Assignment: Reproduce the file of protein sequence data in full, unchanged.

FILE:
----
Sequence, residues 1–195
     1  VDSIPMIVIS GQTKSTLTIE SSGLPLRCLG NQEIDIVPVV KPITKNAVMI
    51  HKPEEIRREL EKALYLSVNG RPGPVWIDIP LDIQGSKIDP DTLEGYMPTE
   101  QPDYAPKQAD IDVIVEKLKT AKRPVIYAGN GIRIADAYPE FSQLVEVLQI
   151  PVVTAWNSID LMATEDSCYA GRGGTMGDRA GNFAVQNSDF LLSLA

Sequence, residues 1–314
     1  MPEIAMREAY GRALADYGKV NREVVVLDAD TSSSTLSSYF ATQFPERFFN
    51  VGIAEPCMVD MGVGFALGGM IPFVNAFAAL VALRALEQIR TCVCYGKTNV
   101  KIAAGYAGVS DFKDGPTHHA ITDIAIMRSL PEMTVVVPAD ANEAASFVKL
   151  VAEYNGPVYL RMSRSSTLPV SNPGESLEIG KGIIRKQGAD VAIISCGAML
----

Sequence, residues 1–195
     1  VDSIPMIVIS GQTKSTLTIE SSGLPLRCLG NQEIDIVPVV KPITKNAVMI
    51  HKPEEIRREL EKALYLSVNG RPGPVWIDIP LDIQGSKIDP DTLEGYMPTE
   101  QPDYAPKQAD IDVIVEKLKT AKRPVIYAGN GIRIADAYPE FSQLVEVLQI
   151  PVVTAWNSID LMATEDSCYA GRGGTMGDRA GNFAVQNSDF LLSLA

Sequence, residues 1–314
     1  MPEIAMREAY GRALADYGKV NREVVVLDAD TSSSTLSSYF ATQFPERFFN
    51  VGIAEPCMVD MGVGFALGGM IPFVNAFAAL VALRALEQIR TCVCYGKTNV
   101  KIAAGYAGVS DFKDGPTHHA ITDIAIMRSL PEMTVVVPAD ANEAASFVKL
   151  VAEYNGPVYL RMSRSSTLPV SNPGESLEIG KGIIRKQGAD VAIISCGAML